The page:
Honestly sometimes I feel like people are so cruel and unforgiving that they aren't worthy of forgiveness or kindness. But then I realize that if we are not kind to others who don't deserve it, then we can't ever change anything.

Personally I don't think the girl who killed that other girl, or any of you who think we should kill her to avenge the girl she killed, really deserve kindness. But I hope everyone receives kindness anyways.



posted on Feb, 9 2012 @ 03:29 PM
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reply to post by getreadyalready
 


I feel people these days think they are supposed to never be unhappy or apprehensive anymore. It seems very dangerous to me. We are supposed to get butterflyes before a big speech, we are supposed to be sad when a loved one dies, we are supposed to experience, embrace, and evolve from these things, we are not supposed to mask them with drugs. Just my humble opinion.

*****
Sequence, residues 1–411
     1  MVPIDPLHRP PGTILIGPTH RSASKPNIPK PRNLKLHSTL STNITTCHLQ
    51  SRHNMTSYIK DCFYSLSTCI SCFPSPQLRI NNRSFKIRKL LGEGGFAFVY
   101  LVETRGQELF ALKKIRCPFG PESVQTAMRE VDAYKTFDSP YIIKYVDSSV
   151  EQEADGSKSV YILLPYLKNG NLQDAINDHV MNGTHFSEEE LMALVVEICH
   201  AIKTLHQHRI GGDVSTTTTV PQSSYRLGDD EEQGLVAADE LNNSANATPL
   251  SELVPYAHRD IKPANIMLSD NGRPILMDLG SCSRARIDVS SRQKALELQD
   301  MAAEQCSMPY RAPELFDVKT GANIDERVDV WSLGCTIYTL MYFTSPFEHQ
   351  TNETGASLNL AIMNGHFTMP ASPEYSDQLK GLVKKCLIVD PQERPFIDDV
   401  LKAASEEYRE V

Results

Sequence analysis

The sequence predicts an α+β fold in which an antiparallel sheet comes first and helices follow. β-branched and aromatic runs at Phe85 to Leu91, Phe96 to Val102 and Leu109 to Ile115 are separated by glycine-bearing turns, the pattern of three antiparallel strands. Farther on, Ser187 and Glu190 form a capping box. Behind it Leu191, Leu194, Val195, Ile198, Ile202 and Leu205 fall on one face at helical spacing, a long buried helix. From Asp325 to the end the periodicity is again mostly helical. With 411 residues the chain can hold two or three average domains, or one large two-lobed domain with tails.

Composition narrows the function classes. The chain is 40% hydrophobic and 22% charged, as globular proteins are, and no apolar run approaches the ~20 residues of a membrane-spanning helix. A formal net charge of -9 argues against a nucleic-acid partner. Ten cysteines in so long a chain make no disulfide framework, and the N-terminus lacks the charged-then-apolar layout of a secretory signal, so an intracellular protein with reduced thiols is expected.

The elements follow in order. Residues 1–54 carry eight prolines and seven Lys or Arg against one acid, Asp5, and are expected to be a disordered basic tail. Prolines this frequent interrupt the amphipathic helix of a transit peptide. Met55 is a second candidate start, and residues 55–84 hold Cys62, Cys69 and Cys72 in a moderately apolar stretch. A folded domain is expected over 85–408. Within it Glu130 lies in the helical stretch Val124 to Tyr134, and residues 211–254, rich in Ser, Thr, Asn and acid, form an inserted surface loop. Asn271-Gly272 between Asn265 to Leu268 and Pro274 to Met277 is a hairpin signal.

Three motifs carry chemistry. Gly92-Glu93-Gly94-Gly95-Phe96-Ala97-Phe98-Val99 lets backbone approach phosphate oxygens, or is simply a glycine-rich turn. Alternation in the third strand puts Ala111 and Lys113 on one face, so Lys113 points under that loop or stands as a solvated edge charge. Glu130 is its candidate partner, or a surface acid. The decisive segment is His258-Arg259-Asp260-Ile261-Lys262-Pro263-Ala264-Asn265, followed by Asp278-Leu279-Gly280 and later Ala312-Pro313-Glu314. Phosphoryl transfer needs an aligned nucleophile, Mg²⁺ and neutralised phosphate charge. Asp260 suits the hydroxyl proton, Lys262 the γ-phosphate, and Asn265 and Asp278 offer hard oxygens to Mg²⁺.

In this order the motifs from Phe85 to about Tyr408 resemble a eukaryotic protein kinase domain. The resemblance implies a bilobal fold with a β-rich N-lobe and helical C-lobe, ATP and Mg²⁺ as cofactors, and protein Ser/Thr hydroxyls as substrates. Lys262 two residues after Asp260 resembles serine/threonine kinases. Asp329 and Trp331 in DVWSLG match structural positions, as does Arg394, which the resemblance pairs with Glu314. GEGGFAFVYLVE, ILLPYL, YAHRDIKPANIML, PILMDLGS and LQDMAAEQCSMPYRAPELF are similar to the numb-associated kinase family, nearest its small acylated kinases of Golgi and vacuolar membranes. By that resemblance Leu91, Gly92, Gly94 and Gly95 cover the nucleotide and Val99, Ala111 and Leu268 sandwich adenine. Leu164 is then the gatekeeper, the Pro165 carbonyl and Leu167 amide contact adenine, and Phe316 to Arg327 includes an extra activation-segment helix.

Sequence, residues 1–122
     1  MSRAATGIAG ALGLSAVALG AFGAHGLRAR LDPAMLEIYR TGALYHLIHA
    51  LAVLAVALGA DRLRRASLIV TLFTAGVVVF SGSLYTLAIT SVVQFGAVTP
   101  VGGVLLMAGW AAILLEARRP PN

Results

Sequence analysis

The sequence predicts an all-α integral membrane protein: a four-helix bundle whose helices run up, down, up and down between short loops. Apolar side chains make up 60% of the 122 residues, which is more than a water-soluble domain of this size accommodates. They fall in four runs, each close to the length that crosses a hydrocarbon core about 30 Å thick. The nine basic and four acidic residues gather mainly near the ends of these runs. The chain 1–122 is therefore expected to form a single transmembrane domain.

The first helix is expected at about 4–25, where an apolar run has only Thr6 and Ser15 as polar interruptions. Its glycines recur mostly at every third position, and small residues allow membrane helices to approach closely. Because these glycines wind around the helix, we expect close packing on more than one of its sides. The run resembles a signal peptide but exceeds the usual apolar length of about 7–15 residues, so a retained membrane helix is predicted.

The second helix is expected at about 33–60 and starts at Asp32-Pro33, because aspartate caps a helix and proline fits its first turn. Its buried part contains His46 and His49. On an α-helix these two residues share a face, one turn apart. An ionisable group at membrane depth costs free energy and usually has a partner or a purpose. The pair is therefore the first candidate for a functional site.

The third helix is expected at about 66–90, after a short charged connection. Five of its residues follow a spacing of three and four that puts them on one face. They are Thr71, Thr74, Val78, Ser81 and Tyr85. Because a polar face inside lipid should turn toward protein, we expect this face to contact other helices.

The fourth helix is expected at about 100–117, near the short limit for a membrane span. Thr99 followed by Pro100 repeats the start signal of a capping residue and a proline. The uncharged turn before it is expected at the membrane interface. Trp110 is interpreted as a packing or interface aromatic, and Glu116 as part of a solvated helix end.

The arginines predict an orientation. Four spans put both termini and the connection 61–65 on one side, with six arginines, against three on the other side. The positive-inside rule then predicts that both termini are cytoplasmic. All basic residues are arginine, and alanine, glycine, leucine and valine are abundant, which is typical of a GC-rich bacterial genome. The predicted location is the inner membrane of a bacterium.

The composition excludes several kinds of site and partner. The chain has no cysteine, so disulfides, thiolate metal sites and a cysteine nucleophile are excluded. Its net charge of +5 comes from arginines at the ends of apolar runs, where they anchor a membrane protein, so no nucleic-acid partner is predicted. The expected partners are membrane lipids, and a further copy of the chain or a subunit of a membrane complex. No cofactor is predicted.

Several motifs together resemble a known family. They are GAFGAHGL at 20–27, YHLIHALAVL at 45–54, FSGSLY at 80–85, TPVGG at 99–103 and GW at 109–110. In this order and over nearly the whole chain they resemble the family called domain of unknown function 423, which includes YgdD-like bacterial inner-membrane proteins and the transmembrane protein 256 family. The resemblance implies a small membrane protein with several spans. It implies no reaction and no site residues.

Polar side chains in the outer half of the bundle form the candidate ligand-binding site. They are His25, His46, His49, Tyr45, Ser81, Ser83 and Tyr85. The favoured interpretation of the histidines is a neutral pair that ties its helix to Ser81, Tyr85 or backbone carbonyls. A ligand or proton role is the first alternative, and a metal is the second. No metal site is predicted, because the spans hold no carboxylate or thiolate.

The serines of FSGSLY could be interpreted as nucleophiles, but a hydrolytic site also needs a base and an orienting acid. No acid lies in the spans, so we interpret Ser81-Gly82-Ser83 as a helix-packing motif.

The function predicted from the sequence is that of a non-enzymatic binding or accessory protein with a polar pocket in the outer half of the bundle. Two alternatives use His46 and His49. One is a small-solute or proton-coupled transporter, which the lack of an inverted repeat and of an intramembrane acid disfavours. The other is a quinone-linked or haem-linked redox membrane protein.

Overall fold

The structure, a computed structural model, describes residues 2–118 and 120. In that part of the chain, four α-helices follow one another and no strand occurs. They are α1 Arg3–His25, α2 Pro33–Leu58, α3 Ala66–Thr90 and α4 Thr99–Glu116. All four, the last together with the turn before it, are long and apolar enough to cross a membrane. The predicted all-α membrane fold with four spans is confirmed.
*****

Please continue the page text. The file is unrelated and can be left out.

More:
And a very wise opinion.
That's why I try to educate people, that numbing out is counterproductive. We are supposed to have those emotions, ride them out (or see them fade, depending on the pleasure-ability of the emotion. That's how we learn, and grow. Through feeling things, allowing those feelings, recognizing them, and then measuring or assessing our responses...


You are right, in my opinion. Being 'numbed' to any emotion is not living. It's robotics....bad thing.



posted on Feb, 9 2012 @ 03:29 PM
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reply to post by lampsalot
 


Yes I agree. And not to mention that the people we elect into office are all genocidal murderers, murderers by proxy, but that doesn't make them any better.